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Mobilizing can stop the Tories

Jesse McLaren

November 23, 2011

Ontario Tory leader Tim Hudak threatened to channel the anger against the Liberals—who closed hospitals, raised tuition fees and cut social assistance—into a right-wing response that would continue similar policies.

After Rob Ford became Mayor of Toronto and Stephen Harper won his federal majority, media pundits and political party leaders assumed Ontario had lurched to the right, and that a “Tory hat-trick” would be inevitable. Hudak followed this perspective, starting his campaign denouncing “foreign workers” and ending by distributing homophobic leaflets. But this bigotry and his association with Rob Ford ruined his victory—because of mobilizations from below.

Since the spring there has been sustained mobilizing against Rob Ford. In April thousands rallied against the cuts. In June Ford’s boycott of Pride caused an outcry that isolated him. In July an explosive campaign to defend libraries put him on the defensive, while a marathon of deputations against the cuts revealed that “Ford Nation”—a Tea Party style army of citizens demanding austerity—was a myth. In September a poll found strong opposition to cuts in every ward, and on September 27 thousands of people rallied in defense of jobs and services.

This mobilizing in the streets shifted the terrain around the ballot box—quickly turning Ford into such a liability to Hudak that he was not allowed to openly endorse him.

NDP misses the orange wave

In May the federal NDP achieved historic resultsbased on years of anger at Tory austerity and Liberal complicity. The outpouring of support after Jack Layton’s death confirmed that the “orange wave” was based on people’s hopes of a fighting alternative.

But much of the NDP leadership federally and provincially drew the opposite conclusion, that their electoral victories are based on pushing the party to the centre.

Ontario NDP leader Andrea Horwath refused to challenge Hudak on his racism, declared a “buy Ontario” campaign based on hostility to Quebec, avoided environmental issues, and spent much of her time providing reassurances that she would balance the budget. The main message was that Horwath would freeze tuition fees and transit fares at the inaccessible levels to which the Liberals had raised them, and that she wore high heels.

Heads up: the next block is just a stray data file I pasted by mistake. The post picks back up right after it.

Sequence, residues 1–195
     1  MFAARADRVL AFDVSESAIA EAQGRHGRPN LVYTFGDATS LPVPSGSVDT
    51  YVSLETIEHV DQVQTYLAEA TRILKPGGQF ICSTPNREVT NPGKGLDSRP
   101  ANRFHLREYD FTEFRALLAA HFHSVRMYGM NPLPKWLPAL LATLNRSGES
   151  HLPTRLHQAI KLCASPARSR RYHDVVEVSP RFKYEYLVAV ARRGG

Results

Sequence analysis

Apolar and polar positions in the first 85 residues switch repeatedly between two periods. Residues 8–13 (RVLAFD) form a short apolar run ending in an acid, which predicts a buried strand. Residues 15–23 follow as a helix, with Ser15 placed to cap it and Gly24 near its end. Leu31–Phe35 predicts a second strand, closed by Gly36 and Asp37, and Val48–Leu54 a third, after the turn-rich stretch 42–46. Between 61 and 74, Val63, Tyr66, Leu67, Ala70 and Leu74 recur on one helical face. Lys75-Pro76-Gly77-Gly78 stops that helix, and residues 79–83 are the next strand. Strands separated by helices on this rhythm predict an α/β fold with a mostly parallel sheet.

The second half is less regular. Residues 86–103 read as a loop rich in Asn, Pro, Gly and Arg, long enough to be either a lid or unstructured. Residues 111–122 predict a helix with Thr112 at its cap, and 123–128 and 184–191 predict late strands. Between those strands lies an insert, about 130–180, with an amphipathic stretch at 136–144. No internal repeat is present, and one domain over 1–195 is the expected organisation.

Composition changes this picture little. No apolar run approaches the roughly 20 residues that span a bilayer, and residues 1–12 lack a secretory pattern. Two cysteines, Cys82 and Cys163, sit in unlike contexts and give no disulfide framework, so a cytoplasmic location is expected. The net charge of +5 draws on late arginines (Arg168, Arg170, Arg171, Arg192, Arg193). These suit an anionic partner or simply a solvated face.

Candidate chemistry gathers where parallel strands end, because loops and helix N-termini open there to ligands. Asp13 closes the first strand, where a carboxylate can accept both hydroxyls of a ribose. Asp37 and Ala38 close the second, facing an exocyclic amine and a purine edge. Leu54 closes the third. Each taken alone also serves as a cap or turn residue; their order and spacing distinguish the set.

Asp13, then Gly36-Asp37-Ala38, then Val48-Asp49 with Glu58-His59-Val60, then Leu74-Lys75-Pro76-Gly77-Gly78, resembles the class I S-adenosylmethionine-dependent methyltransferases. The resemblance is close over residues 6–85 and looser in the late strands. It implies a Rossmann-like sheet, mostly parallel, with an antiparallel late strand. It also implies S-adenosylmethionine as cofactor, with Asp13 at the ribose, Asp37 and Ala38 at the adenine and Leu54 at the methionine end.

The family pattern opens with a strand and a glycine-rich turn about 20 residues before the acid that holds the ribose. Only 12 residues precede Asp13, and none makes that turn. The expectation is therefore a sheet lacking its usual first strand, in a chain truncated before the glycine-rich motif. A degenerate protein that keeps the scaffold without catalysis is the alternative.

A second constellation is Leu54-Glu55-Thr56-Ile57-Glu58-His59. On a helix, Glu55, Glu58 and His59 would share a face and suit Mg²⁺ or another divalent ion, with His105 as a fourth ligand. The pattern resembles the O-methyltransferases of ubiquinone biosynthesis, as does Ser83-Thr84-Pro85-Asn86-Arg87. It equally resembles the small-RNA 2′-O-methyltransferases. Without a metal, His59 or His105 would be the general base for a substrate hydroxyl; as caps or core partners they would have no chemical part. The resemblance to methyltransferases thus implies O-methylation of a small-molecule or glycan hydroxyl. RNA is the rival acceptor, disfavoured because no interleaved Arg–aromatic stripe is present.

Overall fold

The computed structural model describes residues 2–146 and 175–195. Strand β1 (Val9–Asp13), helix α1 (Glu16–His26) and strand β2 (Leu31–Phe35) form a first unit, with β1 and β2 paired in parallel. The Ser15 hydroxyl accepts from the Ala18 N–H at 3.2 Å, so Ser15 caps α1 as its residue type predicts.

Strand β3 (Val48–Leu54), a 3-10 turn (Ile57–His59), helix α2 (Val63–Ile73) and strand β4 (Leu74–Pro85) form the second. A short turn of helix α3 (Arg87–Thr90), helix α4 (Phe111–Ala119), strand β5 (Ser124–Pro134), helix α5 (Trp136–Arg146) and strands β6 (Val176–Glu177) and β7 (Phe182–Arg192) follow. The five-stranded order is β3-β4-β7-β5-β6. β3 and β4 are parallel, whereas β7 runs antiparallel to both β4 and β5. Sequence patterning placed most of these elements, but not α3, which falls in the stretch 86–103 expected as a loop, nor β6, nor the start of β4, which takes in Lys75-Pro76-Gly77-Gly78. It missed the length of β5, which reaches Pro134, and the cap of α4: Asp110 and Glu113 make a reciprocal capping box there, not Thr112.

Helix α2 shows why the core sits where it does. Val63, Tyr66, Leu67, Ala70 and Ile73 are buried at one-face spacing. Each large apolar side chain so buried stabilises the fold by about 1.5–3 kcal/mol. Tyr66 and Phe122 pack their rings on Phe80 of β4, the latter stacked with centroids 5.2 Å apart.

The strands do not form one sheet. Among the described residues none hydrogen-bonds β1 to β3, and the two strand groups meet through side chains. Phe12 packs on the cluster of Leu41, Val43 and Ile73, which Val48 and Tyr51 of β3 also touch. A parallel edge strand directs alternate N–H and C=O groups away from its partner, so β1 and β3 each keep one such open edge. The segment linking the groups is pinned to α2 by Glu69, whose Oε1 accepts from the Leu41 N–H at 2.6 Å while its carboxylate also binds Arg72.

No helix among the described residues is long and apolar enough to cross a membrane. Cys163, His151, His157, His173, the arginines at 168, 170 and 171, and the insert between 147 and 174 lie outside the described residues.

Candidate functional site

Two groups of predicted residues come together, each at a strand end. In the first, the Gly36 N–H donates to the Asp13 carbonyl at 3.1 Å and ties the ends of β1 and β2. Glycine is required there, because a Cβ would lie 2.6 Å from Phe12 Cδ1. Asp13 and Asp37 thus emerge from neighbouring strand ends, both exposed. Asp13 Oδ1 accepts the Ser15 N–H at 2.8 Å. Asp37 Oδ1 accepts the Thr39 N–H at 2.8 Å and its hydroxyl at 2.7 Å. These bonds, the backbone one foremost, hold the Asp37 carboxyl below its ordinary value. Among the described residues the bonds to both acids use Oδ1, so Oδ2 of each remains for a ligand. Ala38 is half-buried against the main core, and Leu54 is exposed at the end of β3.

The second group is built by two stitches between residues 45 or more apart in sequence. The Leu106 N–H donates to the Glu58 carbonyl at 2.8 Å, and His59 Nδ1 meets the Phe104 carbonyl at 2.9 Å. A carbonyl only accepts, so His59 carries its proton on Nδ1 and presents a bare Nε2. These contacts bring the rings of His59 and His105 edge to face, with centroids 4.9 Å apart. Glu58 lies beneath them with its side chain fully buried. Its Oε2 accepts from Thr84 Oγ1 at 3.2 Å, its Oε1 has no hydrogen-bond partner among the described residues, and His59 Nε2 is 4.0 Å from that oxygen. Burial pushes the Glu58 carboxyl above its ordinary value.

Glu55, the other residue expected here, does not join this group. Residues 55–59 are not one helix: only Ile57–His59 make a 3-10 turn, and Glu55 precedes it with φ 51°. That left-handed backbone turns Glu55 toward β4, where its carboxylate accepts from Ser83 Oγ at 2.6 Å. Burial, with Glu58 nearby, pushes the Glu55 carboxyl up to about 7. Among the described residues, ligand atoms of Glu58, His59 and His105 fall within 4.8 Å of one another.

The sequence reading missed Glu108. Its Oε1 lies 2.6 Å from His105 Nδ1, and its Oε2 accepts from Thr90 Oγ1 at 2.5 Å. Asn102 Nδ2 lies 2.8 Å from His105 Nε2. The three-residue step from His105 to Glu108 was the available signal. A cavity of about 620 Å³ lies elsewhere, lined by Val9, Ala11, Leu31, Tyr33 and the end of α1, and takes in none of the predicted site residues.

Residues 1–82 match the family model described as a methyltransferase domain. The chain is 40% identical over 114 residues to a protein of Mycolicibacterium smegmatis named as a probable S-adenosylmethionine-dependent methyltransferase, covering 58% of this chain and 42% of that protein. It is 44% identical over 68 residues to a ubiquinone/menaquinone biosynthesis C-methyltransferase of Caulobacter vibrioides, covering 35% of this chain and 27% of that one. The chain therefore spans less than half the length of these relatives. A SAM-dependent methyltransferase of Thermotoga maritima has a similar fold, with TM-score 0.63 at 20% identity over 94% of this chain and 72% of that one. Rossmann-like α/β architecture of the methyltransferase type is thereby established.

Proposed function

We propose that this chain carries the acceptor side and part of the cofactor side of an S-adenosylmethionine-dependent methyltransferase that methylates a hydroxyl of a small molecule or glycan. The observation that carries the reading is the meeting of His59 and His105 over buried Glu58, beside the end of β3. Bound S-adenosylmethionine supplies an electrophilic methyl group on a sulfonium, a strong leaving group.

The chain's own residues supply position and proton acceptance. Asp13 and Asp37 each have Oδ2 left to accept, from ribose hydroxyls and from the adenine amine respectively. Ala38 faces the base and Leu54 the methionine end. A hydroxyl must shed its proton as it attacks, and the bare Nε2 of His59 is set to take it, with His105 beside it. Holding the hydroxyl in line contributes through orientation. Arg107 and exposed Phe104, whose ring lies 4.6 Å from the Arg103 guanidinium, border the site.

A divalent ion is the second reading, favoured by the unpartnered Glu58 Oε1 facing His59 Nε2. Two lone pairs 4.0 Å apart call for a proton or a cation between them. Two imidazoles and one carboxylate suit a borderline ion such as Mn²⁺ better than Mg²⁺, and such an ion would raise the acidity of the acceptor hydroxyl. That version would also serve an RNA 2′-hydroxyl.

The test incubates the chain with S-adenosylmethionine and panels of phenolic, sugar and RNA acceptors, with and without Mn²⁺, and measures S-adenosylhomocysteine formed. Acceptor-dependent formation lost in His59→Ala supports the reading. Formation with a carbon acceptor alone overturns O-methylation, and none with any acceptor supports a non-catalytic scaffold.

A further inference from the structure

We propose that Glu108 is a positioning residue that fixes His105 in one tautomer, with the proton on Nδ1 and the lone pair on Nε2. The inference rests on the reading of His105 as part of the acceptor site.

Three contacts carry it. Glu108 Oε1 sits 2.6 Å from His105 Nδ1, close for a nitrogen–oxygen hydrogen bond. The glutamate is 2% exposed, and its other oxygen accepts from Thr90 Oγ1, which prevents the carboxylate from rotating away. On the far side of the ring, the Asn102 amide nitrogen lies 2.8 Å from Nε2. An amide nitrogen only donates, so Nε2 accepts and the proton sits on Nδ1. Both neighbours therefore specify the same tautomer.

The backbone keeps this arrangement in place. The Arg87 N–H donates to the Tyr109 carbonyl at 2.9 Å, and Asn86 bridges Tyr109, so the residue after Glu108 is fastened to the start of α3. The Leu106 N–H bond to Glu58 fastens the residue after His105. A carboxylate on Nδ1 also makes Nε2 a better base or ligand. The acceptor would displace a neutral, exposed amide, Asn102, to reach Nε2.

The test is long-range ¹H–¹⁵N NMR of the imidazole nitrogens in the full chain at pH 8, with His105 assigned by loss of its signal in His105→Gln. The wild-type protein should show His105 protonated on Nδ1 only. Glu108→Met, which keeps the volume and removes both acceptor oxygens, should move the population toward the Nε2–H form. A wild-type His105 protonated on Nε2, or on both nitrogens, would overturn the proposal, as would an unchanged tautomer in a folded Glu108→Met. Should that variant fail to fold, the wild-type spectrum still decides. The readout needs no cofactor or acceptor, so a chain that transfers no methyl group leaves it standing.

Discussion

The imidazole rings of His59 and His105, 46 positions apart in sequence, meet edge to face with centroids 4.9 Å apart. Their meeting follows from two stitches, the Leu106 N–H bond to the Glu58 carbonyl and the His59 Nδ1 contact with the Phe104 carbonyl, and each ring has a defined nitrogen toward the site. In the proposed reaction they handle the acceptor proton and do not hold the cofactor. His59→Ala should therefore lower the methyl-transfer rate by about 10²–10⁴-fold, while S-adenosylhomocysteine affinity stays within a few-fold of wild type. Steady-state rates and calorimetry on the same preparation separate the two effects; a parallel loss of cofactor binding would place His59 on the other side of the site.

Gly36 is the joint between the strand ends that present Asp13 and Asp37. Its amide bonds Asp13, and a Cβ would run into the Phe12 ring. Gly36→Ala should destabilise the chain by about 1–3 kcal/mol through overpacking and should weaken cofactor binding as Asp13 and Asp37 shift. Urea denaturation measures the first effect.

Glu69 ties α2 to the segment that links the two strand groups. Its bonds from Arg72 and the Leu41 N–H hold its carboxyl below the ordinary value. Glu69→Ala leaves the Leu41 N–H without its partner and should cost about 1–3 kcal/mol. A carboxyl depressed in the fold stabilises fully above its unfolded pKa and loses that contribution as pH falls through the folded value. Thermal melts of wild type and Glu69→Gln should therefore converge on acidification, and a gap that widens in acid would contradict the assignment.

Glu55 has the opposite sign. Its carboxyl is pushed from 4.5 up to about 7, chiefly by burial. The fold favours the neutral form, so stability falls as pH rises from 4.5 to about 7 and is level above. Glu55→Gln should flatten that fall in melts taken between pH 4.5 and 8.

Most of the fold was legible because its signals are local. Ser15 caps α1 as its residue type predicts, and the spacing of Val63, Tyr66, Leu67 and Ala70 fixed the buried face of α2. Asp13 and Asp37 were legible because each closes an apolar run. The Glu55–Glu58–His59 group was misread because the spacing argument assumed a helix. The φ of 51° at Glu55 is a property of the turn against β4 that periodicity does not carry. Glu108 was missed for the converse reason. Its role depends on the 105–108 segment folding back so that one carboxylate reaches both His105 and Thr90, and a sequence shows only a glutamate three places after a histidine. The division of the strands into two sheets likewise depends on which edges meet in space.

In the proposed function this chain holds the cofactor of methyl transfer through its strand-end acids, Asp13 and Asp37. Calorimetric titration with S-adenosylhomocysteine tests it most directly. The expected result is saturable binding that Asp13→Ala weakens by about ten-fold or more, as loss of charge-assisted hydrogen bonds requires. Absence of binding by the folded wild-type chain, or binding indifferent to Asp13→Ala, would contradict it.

As a result, the NDP missed the wave of resistance and only increased their vote by 5 per cent (from 17 to 23 per cent), which came from the Green Party (which dropped from 8 to 3 per cent). While the concentration of the progressive vote in the labour party is positive, there was no overall increase in this vote. Conversely there was no significant drop in the combined corporate vote, which went from 74 to 73 per cent—as a 3 per cent gain for the Tories (from 32 to 35 per cent) came from a 4 per cent loss to the Liberals (from 42 to 38 per cent).

Another reflection of untapped anger is the voter turnout: for the first time in Ontario’s history, a majority of eligible voters refused to vote, despite highly promoted changes to make it as easy as possible to vote. A declining voter turnout was seen in other elections across the country—from Manitoba to PEI—and is part of a global trend, as the system’s mechanism’s for reform fail to deliver. This is not a sign of apathy but of anger with the system, coinciding with the electric response to the Occupy Wall Street movement—a renewal of the anti-capitalist movement.

McGuinty’s “major minority” was based on only 1.58 million votes, out of 8.7 million eligible voters in a province of 13 million people. He and the Tories have no mandate for austerity, and there are seven more NDP MPPs who have the potential to provide an opposition—if they unite with the growing movements outside social democracy fighting for a real alternative.

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